By mid-September students everywhere have returned to classrooms and if it were marketed simply as “reading, writing, and arithmetic”, most would scoff. They would wonder where the STEM programs were and what computer programs were being utilized. It tends to be easy in our modern era to deride anything that is more than a few years old as antiquated and by implication, “less than”. I get that! I spent 15 years of my life teaching in a public educational setting in the 1980’s and early 1990’s and was blessed to have one of Apple’s first computers in my special education classroom. That is nearly 30 years ago and behind the times in many ways by 2017 standards.
My education did not start that way as a child. I had the rare privilege of spending grades one and two in rural Ohio in a one-room school where eight grade levels managed to be taught by one teacher with fairly amazing results. (For many homeschool mothers today that would not be surprising.) I confess that I learned a great deal by overhearing the lessons of students in older grades.
The school I attended was the same one my father had attended years before me, but the curriculum had changed by the time I entered first grade at age five. My father’s class used the famed McGuffey readers and other texts authored by McGuffey as well as Ray’s arithmetic books, texts that educated and trained thousands of students in the late nineteenth and early twentieth centuries. I cherish a few copies of those very books that I have on my bookshelves that belonged to my dad and his sisters.
Few except homeschoolers would consider using these texts today since they went beyond basic academic subject matter. Stories in reading texts were meant not only to teach reading, but also a set of moral principles and values, love of country, and respect for parents.
When I review the contents of these books on my shelves, I see words and concepts that might cause some contemporary students to stumble not only due to vocabulary words that are no longer common but also due to the level of thinking and maturity evidenced.
That old fashioned generation without smartphones, high tech computers and scientific calculators managed to build the economic engine of the United States. They did so by grounding it on moral, biblical, ethical values and principles as a sure foundation along with academic standards we all now benefit from and take for granted or even shun.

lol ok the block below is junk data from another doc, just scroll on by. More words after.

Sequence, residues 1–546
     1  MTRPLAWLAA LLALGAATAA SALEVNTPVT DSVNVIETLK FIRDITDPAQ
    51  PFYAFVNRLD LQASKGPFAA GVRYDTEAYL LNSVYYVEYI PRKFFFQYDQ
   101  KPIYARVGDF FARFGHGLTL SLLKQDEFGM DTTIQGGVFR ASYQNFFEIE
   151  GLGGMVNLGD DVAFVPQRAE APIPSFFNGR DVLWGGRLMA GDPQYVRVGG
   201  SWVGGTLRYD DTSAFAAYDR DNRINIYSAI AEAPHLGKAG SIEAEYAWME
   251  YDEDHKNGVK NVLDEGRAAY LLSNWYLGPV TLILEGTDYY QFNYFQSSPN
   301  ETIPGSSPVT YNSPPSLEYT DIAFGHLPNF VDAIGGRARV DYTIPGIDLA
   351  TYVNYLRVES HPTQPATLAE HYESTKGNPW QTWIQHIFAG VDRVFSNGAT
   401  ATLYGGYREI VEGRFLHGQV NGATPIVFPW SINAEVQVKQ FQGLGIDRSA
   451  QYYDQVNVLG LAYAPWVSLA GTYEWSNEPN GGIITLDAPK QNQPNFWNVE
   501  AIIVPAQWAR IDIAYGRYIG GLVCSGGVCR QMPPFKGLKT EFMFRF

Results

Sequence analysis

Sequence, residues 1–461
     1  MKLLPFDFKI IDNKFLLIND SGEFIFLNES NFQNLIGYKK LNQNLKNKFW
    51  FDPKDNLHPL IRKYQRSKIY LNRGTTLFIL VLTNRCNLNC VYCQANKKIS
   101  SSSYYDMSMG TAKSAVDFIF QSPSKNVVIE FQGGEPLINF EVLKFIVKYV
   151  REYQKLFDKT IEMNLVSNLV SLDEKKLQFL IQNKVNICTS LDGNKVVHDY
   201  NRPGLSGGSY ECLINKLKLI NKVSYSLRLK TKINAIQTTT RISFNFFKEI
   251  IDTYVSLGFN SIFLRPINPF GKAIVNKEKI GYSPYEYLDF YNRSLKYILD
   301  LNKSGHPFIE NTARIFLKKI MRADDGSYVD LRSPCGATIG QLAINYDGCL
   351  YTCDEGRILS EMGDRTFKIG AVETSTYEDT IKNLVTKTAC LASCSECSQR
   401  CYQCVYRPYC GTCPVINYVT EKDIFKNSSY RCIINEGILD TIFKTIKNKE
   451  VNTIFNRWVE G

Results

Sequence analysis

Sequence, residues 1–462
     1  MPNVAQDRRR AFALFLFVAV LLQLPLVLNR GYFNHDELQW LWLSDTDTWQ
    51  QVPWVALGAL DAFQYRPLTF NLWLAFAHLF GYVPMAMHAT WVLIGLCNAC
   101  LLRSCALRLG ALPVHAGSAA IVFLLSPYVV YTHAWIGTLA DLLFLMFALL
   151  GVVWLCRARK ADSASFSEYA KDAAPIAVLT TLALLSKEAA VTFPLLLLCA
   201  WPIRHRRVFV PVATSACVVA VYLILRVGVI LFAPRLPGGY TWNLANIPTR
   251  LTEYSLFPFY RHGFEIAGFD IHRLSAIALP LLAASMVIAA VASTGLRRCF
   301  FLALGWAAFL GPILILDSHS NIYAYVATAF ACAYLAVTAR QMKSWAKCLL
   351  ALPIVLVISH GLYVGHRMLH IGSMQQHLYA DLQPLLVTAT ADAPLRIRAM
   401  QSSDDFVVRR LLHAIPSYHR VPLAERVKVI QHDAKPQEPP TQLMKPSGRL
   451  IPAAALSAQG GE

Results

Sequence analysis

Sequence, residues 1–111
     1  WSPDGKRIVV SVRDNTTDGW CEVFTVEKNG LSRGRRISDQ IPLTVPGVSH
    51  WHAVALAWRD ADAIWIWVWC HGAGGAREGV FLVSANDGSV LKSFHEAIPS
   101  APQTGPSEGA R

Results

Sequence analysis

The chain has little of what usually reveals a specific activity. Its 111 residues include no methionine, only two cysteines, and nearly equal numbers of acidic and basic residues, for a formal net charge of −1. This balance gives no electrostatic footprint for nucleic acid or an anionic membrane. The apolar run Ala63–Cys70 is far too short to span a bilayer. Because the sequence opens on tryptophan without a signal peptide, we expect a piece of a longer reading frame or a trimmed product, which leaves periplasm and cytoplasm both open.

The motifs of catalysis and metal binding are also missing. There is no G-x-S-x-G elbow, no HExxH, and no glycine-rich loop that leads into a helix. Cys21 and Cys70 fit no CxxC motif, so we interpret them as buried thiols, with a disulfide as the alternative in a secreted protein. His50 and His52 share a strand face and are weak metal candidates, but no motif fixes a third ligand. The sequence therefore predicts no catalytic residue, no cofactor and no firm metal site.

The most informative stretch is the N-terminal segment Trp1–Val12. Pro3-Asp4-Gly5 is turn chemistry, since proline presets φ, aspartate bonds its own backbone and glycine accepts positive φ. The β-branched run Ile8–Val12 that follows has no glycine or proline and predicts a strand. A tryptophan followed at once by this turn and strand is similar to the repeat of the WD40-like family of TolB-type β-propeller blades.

Perhaps we have gone too far, however, in this modernization and started to see something was lost in the process. Homeschooling seems to be one response to an educational system that set aside the very values we all once cherished. Many ridiculed this movement when it started but despite the critics, students who are homeschooled are standing tall in their accomplishments equaling and often exceeding the academic performance of their public school peers. The subjects taught them are quite inclusive and include things like rhetoric and dialectic skills as well as numerous languages, math, sciences, history, geography, music, and arts. Many are taught in various co-op formats where students have spirited interaction around subject matter taught by highly educated mothers (and sometimes dads).
As I reflect on the return to studies by millions of children around the world, I am especially grateful for mothers (and sometimes dads) who are investing time, skills, and numerous resources to homeschool their children. These parents are unsung heroes who sacrifice a great deal in an effort to hold a high standard of academic performance as well as skills such as thinking, evaluating, organizing, time management and more. In the mix they base everything on moral principles that respect God, country, family values, and authority. They are not wimpy followers who are socially inept, but leaders who have been challenged to consider consequences and take responsibility for not only learning material, but also their own behavior and choices.
How do I know this? Our daughter and daughter-in-law have homeschooled all six of our grandchildren in Maryland and Tennessee. Our oldest granddaughter earned a scholarship and graduated with honors from an excellent university with a BSN this spring. Our oldest grandson earned a trustee scholarship to a highly ranked private college in a pre-medical program and is studying abroad in Chile this semester as a college junior. Another grandson is hard at work in his freshman year of college looking at how he can use his creativity and marketing to help make the world a better place. The remaining three grandchildren are able to hold their own in discussing nearly any subject that comes up as seventh, ninth, and eleventh graders. The oldest of these takes AP courses and writes a column in an online student newspaper.
These six have played on basketball, soccer, and swim teams. The one who played high school basketball was on a top nationally ranked team. Among them we have singers, thespians, pianists, a drummer, a violinist, and a cellist. None of them are socially inept or backward. All have held various jobs and completed internships with more to come.
Today I salute my daughter and daughter-in-law for equipping the next generation with the academic skills and moral fiber to make a difference in the world and for eternity. I am so proud of both of you.
Perhaps the admonition in Proverbs 4:7 ESV says it best:
“The beginning of wisdom is this: Get wisdom, and whatever you get, get insight.”